KANSAS CITY, MO (KCTV) — Hunger in the Kansas City area is not a new problem, as even before the coronavirus pandemic about one in eight people did not have enough to eat.
And now, with the COVID-19 crisis, those who work to feed the hungry say it’s only getting worse. They’re working harder—dealing not only with an increase in demand, but also changes in how they can operate and the loss of volunteers, who because of their ages, are at higher risk.
The Bishop Sullivan Center in Kansas City, Missouri, used to invite guests to dine in. They’d sit down and have choices in what they ordered.
While the center is still able to provide hot food and groceries, everything is now to go. And since the pandemic, the center is seeing a lot of new faces.
“People who don’t know how to navigate the social services world are coming for the first time,” said Doug Langer, with the Bishop Sullivan Center. “Their livelihood changed overnight."
They’re doing more work, serving more people, with fewer helpers. The 380 volunteer force was pared down to just 20 in an effort to keep their senior volunteers safe and to help stop the spread of the disease.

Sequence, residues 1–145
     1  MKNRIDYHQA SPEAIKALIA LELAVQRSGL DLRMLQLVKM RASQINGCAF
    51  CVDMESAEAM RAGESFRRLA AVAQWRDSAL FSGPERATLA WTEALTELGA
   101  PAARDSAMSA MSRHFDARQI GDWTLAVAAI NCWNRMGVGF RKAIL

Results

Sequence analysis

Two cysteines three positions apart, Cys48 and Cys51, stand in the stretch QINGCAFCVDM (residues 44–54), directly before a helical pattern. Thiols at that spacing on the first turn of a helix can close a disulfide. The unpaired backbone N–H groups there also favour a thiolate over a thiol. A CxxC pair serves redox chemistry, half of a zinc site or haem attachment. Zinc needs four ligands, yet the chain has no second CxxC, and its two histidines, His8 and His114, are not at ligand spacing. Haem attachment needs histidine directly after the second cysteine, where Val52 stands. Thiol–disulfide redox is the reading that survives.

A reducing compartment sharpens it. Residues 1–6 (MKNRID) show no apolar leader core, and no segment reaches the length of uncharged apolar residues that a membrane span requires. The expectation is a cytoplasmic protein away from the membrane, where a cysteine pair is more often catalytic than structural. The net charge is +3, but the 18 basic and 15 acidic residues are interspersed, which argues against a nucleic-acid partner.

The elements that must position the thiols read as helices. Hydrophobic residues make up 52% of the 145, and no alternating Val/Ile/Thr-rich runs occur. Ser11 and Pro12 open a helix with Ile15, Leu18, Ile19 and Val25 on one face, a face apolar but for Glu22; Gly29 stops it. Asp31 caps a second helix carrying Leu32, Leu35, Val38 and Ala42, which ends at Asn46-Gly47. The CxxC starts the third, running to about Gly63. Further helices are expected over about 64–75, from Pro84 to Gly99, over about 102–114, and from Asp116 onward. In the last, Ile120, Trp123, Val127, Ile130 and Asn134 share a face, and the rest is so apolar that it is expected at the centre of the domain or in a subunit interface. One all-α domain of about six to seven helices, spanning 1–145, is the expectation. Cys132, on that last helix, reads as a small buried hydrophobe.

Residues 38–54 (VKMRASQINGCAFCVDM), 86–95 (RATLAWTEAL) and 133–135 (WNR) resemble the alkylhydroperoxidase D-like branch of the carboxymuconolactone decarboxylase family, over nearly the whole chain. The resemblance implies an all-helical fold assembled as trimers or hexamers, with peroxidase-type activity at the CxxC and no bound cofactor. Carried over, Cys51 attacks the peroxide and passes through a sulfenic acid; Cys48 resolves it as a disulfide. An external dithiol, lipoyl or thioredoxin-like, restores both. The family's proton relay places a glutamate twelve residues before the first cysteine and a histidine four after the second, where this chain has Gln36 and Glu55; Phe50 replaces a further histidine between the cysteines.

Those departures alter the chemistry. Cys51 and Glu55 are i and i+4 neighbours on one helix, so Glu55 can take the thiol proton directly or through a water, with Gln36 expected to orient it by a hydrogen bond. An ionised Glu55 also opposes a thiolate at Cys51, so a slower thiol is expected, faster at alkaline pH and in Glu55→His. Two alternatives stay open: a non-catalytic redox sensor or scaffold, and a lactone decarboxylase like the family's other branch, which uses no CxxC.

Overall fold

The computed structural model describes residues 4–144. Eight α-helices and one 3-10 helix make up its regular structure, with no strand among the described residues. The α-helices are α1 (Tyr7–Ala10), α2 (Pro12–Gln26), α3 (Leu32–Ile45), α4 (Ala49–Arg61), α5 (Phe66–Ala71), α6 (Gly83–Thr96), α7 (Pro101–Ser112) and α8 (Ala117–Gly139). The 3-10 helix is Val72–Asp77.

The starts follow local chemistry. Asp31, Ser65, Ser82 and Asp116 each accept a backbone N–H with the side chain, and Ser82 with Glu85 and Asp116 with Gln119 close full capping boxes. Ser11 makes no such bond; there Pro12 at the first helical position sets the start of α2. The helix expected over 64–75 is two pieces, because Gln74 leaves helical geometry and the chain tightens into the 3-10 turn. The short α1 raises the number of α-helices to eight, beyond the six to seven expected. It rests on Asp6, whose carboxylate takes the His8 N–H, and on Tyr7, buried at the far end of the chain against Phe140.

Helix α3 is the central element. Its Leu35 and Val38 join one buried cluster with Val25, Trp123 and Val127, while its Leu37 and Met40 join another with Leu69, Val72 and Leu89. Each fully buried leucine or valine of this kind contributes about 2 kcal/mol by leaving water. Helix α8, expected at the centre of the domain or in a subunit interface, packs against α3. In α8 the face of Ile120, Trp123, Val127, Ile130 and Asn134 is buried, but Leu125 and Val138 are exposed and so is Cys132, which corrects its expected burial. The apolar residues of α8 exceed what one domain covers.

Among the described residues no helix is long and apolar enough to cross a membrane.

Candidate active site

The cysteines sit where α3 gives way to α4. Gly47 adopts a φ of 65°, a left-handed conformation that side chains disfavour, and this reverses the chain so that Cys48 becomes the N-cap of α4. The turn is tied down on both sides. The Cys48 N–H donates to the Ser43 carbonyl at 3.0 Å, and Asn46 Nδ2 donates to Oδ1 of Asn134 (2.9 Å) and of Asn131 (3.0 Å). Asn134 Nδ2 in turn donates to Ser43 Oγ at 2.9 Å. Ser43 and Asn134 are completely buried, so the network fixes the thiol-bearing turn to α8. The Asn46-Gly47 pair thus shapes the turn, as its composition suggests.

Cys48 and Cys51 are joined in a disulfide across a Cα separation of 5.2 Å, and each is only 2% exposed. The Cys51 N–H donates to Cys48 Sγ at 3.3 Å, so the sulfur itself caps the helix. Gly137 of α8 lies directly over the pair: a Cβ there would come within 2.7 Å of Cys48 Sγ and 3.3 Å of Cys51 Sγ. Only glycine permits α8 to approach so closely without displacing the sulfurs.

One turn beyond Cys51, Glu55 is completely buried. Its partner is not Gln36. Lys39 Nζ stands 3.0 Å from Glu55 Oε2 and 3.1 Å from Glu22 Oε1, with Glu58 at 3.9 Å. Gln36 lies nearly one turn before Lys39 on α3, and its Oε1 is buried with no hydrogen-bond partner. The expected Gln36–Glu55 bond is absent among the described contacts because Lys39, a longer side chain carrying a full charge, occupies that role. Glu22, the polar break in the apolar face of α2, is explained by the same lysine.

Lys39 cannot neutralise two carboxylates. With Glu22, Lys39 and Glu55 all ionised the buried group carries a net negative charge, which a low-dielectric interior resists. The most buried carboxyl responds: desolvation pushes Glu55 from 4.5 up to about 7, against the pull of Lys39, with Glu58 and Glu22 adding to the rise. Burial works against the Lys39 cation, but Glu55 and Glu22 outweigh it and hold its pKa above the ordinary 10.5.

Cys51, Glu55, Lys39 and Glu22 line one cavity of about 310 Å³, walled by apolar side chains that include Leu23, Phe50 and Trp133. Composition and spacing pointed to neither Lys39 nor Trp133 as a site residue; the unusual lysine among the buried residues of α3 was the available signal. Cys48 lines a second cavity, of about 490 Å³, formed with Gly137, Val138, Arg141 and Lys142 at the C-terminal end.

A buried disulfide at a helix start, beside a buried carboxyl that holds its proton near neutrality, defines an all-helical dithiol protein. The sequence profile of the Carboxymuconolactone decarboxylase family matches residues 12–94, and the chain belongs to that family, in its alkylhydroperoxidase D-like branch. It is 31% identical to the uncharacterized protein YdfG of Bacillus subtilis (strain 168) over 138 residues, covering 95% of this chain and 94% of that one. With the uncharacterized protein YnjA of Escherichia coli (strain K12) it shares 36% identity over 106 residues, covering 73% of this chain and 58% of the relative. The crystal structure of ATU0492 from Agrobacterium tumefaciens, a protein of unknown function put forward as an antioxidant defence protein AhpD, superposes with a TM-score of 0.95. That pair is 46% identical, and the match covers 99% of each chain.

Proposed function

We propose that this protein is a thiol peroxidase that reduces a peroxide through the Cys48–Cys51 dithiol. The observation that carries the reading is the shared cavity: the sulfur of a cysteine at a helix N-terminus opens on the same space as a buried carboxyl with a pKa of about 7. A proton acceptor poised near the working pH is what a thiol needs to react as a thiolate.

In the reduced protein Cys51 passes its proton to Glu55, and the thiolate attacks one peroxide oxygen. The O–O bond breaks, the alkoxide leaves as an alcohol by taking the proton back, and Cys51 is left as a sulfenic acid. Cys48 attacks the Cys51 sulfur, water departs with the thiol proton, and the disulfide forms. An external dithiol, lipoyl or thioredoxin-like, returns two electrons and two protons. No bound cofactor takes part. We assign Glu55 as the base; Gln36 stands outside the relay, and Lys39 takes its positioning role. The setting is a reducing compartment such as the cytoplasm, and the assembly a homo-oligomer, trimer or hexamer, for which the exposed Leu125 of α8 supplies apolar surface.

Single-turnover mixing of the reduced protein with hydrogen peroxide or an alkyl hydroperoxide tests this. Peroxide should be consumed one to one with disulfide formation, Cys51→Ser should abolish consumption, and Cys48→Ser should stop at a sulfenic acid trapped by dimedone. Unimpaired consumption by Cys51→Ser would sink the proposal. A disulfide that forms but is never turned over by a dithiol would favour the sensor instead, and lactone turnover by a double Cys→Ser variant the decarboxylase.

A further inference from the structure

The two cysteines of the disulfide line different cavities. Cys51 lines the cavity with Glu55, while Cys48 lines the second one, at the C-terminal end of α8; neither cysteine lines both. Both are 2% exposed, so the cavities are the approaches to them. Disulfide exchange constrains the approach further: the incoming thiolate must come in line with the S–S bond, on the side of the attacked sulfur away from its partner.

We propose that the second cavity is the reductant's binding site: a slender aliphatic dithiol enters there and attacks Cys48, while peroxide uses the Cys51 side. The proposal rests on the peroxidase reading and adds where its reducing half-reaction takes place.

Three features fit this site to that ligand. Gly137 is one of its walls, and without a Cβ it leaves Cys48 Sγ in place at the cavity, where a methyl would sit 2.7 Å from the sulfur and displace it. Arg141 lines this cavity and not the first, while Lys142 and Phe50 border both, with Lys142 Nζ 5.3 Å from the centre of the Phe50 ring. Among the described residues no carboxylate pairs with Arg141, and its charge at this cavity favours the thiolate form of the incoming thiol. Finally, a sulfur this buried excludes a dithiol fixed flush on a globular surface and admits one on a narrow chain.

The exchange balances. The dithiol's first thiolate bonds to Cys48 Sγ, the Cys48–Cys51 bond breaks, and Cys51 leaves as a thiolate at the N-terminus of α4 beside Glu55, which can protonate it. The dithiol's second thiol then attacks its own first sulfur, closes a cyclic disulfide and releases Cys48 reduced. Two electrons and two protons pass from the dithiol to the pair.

It’s the same story across the state line. Pre-COVID 19, the food pantry at Cross-Lines in Kansas City, Kansas, served about 300 family every month. Recently, Cross-Lines served 738 people in one day.
“We are really frightened about the increase need for food,” Cross-Lines Executive Director Susila Jones said. “More and more people are going to need food.”
The need has also grown at the Jewish Family Services Food Pantry in Overland Park. While they currently serve about 500 families, they expect the number to grow to 900 by July.
Food pantries say as busy as they are now, they know more challenging times are ahead when stimulus and added federal benefits run out.
To learn more about how you can support these organizations working to feed people in our communities, click on the links below: